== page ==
Monday, December 15, 2014

Incremental backup with rsync and cp with low disk demand

I just created very simple incremental backup solution for my Zimbra installation which efficiently uses disk space. The idea is simple. First, using rsync, I'm making a copy of existing Zimbra installation to another disk:
rsync --delete --delete-excluded -a \
        --exclude zimbra/data/amavisd/ \
        --exclude zimbra/data/clamav/ \
        --exclude zimbra/data/tmp \
        --exclude zimbra/data/mailboxd/ \
        --exclude zimbra/log \
        --exclude zimbra/zmstat \
        /opt/zimbra ${DSTDIR}/
I excluded from synchronization some directories that are not necessary for restoring Zimbra. Then, using cp I'm creating copy of this directory but which only consists of hard links to original files, the content isn't copied:
cd ${DSTDIR}
cp -al zimbra zimbra.`date +%Y%m%d%H%M`
Note the option -l that tells cp to hard link files instead of making a new copy. Also, note that the copy created is named so that it contains timestamp when it was created. Here is the content of the directory:
$ ls -l ${DSTDIR}
total 16
drwx------ 7 root   root    4096 Pro  9 15:31 zimbra
drwx------ 7 root   root    4096 Pro  9 15:31 zimbra.201412131551
drwx------ 7 root   root    4096 Pro  9 15:31 zimbra.201412140326
drwx------ 7 root   root    4096 Pro  9 15:31 zimbra.201412150325
Next time rsync runs, it will delete files that don't exist any more, and when it copies changed files it will create a new copy, and then remove the old one. Removing the old one means unlinking which in essence leaves the old version saved in the directory made by cp. This way you'll allocate space only for new and changed files, while the old ones will share disk space.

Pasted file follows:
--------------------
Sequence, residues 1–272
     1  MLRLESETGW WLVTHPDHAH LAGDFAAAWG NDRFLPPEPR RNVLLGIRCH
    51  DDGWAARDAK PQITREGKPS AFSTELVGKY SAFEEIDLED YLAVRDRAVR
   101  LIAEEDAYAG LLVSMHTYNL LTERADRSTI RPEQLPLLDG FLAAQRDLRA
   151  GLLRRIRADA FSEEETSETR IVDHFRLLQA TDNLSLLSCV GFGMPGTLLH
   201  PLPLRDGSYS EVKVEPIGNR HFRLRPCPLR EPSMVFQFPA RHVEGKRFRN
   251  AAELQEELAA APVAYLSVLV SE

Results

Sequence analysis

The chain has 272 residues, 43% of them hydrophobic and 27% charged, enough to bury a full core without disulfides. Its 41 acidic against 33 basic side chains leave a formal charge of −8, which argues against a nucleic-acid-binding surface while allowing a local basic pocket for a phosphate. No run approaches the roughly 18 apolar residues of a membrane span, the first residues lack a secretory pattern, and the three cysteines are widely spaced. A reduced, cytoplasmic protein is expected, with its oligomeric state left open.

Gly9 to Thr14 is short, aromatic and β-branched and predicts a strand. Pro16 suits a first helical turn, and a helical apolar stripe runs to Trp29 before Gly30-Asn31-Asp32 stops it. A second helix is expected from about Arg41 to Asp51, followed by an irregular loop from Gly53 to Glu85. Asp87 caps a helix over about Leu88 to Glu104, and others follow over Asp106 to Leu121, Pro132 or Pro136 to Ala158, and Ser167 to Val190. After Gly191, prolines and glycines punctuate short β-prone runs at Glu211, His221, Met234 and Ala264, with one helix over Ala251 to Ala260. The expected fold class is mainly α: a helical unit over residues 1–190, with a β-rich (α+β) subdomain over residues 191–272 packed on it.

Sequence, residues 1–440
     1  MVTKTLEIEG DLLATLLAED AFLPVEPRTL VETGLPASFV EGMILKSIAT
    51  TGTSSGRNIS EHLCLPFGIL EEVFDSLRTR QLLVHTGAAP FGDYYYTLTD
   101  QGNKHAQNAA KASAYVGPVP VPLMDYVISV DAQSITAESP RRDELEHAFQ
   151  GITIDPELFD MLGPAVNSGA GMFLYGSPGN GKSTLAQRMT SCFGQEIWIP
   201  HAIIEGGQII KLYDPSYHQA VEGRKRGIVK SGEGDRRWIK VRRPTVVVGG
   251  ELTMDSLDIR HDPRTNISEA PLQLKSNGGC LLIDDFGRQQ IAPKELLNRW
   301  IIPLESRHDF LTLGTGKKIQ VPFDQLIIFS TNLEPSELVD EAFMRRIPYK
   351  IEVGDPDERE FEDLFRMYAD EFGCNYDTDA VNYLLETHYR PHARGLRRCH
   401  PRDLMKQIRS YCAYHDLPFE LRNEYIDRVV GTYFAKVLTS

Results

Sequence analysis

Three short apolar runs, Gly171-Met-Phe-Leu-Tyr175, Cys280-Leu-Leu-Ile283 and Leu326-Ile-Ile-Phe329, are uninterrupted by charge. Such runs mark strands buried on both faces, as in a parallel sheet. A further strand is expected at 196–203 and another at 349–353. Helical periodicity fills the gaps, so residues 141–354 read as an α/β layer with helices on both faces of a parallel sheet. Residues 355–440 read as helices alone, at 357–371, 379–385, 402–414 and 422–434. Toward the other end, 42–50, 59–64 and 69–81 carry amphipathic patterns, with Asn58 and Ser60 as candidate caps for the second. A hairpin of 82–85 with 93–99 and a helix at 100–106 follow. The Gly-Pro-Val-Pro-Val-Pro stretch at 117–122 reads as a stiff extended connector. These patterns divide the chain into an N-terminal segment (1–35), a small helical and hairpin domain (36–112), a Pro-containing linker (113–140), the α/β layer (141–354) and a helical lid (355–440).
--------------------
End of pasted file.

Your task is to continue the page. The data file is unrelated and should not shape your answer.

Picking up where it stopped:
This system uses only the space it needs. Now, it is interesting to note du's command behavior in case of hard links. Here is an example:
# du -sh zimbra*
132G      zimbra
3.4G      zimbra.201412131551
3.2G      zimbra.201412140326
114M      zimbra.201412150325
# du -sh zimbra.201412131551
132G      zimbra.201412131551
# du -sh zimbra.201412150325
132G      zimbra.201412150325
In the first case it tells us how much space is used by main directory, zimbra, and then it tells us the difference in usage of the other directories, e.g. zimbra is using 132G and zimbra.201412131551 uses 3.4G more/differently. But, when we give specific directory to du command, then it tells us how much this directory is by itself, so we see that all the files in zimbra.201412131551 indeed use 132G.

And that's basically it. These two commands (rsync and cp) are placed in a script with some additional boilerplate code and everything is run from cron.

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scientist, consultant, security specialist, networking guy, system administrator, philosopher ;)

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